There are many different types of feedback that can be given to students. It has been shown that good feedback can make a significant difference to a student’s future performance.
The type of feedback depends on the assessment process used.
- Formative assessment – as the students are learning, the teacher is monitoring and giving specific feedback. Teachers should then be adjusting their questioning and the activities based on their formative assessment observations.
- Summative assessment – the traditional pre- or post-test with a grade/number attached. These can then be used to inform future teaching, for example, to decide if there is a need to reteach a concept. They are also used for reporting.
- Diagnostic assessment – a test or set of questions designed to discover what students already know and what misconceptions they hold. This will inform what the teacher goes on to teach.
To be effective, feedback should be:
- timely – not too long after the piece of work was done so that it is still relevant
- constructive/informative – not just a grade (often only a comment), and comments that enable the student to implement changes that will improve future pieces of work
- specific to the task and related to the learning outcomes or success criteria
- not just praise – this can be negative as the student can become complacent
- detailed – students need to know what was good and what needs improvement
- positively worded and non-judgemental
- given sparingly so that it is meaningful.
Feedback can be given in a variety of ways:
- Verbally – in response to a question in class.
- Written – as a comment on a piece of work or test. In mathematics it is important that the feedback is more than just a number/grade or ticks and crosses. Comments should be informative and direct the students as to how they can make improvements to their future performance.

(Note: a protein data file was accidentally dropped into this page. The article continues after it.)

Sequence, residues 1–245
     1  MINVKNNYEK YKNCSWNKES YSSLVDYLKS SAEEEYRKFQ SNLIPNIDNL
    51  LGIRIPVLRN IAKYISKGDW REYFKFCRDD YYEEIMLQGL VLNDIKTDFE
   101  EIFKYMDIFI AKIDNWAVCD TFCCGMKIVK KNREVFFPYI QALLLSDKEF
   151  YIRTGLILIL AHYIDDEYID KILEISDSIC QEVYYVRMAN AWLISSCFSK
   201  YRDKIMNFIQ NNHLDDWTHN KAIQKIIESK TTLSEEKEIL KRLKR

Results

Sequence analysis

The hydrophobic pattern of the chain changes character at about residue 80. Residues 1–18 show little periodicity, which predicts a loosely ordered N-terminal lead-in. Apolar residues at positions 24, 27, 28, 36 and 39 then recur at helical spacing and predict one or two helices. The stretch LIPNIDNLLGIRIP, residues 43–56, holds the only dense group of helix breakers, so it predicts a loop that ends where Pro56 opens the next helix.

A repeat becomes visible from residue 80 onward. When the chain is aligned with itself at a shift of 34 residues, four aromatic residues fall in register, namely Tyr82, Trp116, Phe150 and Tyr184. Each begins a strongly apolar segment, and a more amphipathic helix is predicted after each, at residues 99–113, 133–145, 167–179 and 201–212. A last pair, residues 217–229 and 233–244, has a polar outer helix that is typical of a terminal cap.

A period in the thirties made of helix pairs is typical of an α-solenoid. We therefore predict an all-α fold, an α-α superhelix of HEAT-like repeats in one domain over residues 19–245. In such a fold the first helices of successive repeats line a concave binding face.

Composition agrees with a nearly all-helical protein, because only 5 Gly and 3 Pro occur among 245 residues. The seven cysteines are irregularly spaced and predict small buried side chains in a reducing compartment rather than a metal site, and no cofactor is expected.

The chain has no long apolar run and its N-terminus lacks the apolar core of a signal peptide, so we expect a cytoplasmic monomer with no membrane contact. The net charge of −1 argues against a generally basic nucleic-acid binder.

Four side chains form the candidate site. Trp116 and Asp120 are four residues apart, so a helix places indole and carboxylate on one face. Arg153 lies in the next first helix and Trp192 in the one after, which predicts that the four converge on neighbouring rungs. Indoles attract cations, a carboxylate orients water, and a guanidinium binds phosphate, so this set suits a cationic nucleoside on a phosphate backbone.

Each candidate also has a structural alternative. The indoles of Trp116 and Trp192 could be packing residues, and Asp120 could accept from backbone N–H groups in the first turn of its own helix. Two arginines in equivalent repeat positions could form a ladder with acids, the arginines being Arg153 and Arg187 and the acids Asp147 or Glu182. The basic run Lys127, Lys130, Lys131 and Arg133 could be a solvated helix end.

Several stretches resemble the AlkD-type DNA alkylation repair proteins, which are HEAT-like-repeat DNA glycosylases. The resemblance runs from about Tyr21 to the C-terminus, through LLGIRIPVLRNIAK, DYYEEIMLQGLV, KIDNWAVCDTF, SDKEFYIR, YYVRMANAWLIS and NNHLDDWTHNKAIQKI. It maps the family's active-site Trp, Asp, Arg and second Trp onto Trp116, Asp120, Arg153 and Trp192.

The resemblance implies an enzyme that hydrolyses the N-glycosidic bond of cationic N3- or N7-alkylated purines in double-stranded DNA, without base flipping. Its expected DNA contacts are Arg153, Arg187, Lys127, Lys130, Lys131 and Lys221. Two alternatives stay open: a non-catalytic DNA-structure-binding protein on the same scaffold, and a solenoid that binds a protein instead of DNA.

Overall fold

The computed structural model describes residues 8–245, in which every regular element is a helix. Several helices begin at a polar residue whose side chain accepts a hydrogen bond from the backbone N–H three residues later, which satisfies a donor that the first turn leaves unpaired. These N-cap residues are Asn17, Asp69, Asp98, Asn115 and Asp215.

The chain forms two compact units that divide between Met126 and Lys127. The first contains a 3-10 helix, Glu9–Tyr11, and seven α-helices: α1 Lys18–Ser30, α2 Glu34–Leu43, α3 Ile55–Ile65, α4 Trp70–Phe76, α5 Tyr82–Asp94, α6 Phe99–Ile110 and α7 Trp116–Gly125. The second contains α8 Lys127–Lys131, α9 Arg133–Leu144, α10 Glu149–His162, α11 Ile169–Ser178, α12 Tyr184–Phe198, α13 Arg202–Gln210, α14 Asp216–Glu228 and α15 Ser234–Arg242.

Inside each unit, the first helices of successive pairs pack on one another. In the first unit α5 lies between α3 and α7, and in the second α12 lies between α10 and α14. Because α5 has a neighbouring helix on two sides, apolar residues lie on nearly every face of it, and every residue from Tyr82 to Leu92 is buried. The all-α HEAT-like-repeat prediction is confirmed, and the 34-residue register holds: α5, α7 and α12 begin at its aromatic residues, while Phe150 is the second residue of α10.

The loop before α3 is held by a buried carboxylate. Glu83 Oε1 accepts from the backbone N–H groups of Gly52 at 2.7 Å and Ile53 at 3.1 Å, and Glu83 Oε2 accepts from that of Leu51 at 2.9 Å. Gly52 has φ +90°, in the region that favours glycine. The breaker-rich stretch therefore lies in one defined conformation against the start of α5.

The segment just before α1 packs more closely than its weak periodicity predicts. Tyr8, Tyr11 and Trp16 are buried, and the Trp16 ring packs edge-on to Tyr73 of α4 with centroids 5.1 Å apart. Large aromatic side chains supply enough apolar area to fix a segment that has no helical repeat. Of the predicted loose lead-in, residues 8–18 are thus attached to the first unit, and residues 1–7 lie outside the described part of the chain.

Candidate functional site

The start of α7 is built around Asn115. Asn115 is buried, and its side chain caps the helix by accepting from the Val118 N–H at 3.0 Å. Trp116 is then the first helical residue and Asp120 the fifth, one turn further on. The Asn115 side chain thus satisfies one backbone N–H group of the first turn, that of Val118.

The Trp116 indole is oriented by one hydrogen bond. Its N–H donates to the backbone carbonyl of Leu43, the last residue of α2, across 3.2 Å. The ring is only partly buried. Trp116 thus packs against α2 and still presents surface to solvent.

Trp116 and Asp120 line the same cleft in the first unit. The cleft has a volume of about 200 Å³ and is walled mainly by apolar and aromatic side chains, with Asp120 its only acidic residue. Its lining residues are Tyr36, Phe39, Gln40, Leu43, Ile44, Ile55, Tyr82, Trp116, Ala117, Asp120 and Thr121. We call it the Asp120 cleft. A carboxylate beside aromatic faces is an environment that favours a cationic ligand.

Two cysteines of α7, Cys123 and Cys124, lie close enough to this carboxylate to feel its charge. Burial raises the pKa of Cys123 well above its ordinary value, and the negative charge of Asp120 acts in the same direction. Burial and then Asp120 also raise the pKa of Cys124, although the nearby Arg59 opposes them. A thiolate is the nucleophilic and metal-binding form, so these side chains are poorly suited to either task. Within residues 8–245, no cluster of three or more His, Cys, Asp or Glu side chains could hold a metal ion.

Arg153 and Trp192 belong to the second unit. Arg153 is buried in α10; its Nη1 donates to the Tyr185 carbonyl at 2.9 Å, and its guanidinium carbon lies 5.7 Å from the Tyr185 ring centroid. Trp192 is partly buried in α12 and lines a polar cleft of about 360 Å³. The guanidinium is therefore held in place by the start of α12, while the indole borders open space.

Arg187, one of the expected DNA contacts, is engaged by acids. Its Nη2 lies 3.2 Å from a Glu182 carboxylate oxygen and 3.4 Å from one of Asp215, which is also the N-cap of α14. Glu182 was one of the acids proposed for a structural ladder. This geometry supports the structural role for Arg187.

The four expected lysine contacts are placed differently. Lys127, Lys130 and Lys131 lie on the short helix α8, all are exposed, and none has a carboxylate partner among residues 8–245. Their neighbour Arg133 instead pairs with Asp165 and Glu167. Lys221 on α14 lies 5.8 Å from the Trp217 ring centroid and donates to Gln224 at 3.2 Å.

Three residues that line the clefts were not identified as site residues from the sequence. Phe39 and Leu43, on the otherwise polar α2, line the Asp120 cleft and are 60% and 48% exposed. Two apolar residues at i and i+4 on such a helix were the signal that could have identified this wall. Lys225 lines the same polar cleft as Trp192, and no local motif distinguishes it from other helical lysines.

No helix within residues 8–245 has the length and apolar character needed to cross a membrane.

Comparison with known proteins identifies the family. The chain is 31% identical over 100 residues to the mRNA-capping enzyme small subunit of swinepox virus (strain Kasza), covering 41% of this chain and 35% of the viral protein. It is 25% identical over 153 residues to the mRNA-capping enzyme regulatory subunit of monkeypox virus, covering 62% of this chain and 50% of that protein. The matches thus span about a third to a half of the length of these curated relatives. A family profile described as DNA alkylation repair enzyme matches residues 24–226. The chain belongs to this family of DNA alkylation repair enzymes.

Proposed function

- Through technology – for example, leaving a comment (voice note, written or video) on work handed in electronically.
- provides timely, specific and useful feedback to students
- uses feedback to illustrate to students how they can move forward and improve their work
- gives feedback in multiple formats, for example, verbal, written, electronic
- shows students how to give respectful feedback to each other and how to self-assess
- uses assessment and feedback data to inform future teaching and learning activities.
- use feedback to improve their work
- give and receive peer feedback respectfully
- acknowledge and respond to the feedback they receive.
Examples of the strategy in action
Reframing feedback to improve teaching and learning
This resource provides detail on the different types of feedback and how they can be used to improve student outcomes.
Five tips for Effective feedback
Use this infographic for examples of ways to include feedback to improve student learning in mathematics.
This infographic describes effective feedback and highlights ways it can lead to significant improvements in student outcomes.
Responding to student feedback
In this video, a teacher explains how they used feedback from students to improve their own practice.